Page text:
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Conservative leads in Baja Calif. vote

The PAN candidate for governor holds a sizable edge in early returns. He aims to extend his party's state control.

August 06, 2007|Richard Marosi | Times Staff Writer

TIJUANA — Conservative candidate Jose Guadalupe Osuna Millan held a sizable lead over gambling tycoon Jorge Hank Rhon, based on early returns Sunday in Baja California's fractious gubernatorial election.

Osuna, with 51% of the vote, was well ahead of Hank, who had 43%, with 17% of the polling places counted, according to the Baja California Electoral Institute.

Osuna declared victory at a news conference, but representatives of Hank's campaign said the race was still too early to call.

"The real winners are the people of Baja California whose future is now assured," Osuna said.

Preliminary election results based on a count of 80% of the polling places were expected to be announced late Sunday night, according to electoral institute officials.

The election capped a fiercely fought and nasty campaign between Hank, of the Institutional Revolutionary Party, or PRI, and Osuna, of the National Action Party, or PAN.

Each party blamed the other for the state's high crime rate and drug violence, and rival groups of supporters threw rocks and punches last month after a debate in Tijuana. Police agencies controlled by the rival parties have staged raids against their opponents' campaign operations.

A Hank victory would break the PAN's grip on power in Baja California, where the party won its first state election 18 years ago. Baja California, with 2.8 million residents, has become one of the fastest-growing states in Mexico, with a booming manufacturing and tourism economy. But it also has become a battleground for rival drug cartels vying for a key narcotics smuggling corridor into the United States.

"A Hank win would be an enormous symbolic and psychological blow to the PAN," said Victor Clark Alfaro, a border expert and director of Tijuana's Binational Center for Human Rights.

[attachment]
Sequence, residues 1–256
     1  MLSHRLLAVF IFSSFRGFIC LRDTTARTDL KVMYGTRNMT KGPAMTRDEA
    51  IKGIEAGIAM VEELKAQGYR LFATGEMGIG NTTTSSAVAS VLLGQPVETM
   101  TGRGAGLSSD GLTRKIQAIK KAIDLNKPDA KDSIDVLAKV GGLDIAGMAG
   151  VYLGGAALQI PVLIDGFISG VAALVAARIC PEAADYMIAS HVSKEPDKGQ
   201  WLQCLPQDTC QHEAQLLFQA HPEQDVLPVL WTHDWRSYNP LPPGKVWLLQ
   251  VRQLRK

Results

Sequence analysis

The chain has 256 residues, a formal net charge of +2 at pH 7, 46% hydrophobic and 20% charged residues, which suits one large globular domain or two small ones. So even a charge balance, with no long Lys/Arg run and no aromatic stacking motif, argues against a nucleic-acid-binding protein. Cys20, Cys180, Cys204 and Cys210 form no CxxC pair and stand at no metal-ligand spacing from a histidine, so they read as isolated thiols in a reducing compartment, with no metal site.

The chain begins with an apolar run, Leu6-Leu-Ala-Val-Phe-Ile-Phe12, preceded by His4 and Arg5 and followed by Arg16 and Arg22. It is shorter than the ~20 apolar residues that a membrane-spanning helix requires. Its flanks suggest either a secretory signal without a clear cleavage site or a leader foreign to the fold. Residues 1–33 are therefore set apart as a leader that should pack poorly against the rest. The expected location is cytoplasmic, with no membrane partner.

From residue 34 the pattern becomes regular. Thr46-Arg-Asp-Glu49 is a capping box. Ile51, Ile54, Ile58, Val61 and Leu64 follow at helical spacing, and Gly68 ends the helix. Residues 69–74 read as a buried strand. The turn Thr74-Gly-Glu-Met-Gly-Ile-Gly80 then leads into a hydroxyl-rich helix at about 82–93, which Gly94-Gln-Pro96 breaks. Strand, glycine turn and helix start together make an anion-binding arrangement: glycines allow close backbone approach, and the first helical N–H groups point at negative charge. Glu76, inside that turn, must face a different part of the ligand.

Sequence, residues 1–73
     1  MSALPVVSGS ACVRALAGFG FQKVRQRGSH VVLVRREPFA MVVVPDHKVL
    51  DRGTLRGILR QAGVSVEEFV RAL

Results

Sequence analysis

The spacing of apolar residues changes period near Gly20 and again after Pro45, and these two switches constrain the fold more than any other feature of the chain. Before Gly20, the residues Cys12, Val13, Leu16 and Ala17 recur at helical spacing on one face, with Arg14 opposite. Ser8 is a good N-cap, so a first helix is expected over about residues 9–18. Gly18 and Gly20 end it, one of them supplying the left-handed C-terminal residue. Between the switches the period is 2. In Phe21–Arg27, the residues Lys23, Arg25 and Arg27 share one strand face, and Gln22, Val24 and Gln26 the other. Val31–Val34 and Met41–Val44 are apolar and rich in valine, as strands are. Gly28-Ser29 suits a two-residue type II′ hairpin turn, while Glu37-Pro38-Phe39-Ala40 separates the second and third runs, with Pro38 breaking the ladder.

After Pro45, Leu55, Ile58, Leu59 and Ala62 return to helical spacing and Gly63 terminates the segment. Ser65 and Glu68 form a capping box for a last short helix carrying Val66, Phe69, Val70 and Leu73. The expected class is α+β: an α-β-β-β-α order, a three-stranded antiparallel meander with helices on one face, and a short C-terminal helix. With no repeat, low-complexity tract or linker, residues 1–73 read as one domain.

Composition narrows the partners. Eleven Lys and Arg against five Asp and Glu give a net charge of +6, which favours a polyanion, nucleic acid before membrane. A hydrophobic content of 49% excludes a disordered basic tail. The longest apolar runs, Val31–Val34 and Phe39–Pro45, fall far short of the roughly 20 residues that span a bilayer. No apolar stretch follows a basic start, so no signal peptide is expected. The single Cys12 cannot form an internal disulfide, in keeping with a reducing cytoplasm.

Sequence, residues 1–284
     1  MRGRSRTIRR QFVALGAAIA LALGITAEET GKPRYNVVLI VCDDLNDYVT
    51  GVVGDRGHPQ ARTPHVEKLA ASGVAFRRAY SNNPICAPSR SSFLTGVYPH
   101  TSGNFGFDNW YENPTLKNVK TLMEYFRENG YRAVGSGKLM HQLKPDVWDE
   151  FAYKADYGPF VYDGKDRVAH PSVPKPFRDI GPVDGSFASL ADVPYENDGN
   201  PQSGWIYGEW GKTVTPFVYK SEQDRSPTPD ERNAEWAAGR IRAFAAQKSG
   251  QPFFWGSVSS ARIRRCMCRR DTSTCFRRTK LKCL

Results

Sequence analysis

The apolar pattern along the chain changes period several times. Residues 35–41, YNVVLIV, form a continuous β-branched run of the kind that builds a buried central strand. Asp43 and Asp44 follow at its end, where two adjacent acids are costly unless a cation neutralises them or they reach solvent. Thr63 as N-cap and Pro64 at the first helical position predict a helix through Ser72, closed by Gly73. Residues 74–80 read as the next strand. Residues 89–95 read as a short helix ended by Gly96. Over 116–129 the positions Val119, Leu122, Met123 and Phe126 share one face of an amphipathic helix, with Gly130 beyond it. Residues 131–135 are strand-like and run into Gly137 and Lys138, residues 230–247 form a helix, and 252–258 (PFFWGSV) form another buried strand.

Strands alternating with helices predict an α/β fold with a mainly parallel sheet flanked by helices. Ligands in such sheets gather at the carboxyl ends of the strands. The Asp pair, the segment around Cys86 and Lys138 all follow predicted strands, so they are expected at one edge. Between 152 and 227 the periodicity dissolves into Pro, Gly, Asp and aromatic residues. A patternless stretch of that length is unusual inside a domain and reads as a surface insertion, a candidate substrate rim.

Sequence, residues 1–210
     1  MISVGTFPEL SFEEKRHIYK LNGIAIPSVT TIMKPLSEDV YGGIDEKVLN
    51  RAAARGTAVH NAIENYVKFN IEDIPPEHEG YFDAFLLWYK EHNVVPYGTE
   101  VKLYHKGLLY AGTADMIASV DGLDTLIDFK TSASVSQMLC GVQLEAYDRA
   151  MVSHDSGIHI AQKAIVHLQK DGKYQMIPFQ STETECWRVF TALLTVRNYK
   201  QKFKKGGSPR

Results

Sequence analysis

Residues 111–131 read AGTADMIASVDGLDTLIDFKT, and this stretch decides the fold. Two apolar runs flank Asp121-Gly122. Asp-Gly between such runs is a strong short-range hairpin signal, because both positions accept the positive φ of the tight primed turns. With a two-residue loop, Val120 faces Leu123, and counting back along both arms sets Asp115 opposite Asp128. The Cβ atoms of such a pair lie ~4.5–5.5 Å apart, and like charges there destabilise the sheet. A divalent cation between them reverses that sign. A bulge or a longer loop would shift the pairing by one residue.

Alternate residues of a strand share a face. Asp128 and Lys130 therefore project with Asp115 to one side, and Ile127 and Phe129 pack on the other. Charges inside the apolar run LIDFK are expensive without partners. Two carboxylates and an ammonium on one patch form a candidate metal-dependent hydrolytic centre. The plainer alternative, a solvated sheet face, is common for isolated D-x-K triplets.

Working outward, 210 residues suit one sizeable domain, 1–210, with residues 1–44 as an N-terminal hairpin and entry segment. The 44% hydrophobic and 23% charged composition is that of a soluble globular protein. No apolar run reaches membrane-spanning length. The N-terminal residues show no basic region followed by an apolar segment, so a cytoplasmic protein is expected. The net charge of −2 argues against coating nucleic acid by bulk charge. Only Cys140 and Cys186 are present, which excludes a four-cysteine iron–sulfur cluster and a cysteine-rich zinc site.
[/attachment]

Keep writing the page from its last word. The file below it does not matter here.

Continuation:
Hank, 51, the head of a business empire that includes the Agua Caliente racetrack and a string of off-track betting parlors, promised to improve the state's roads and bring English-language instruction to public schools.

A former mayor of Tijuana, Hank played up his populist image in visits to poor communities, where he often hands out gifts and favors. He estimates he has given millions of dollars to needy people since he moved to Tijuana 22 years ago.

A flamboyant millionaire who owns an enormous private zoo, Hank has been married three times and has 19 children.

Osuna, another former Tijuana mayor, positioned himself as the family-values candidate by touting his long marriage. He portrayed Hank as a shady businessman showering voters with gifts in an attempt to distract them from his past. Hank's chief of security was convicted in the slaying of a Tijuana journalist in 1988, and U.S. authorities have investigated Hank for alleged links to drug traffickers.

The accusations against Hank reached a peak the week before the election when the Mexico City newspaper Reforma ran a story alleging that Tijuana municipal police under Hank's administration worked with the notorious Arellano Felix drug cartel.

Federal authorities last week also issued an arrest warrant for a former police chief under Hank, Genaro Carrillo Elvira, for allegedly freeing two officers under investigation for homicide.

Hank has accused the PAN of orchestrating the widely publicized stories as a last-minute attempt to smear him. He lashed back by running an ad showing the videotaped confession of a drug cartel assassin who accuses Baja state Atty. Gen. Antonio Martinez Luna of allegiance to the Sinaloa drug cartel.

At campaign events, Hank says organized crime has flourished since the PAN took over the state government. Hank, who raised police salaries in Tijuana and erected surveillance cameras across the city, said he would prove tougher on crime.

"The only thing the PAN has done in 18 years is make Baja California No. 1 in crime," he said.

PAN leaders said a Hank administration would be an open door for organized crime and would represent a danger for all of Mexico.

State and local elections also were held in Aguascalientes and Oaxaca.

richard.marosi@latimes.com

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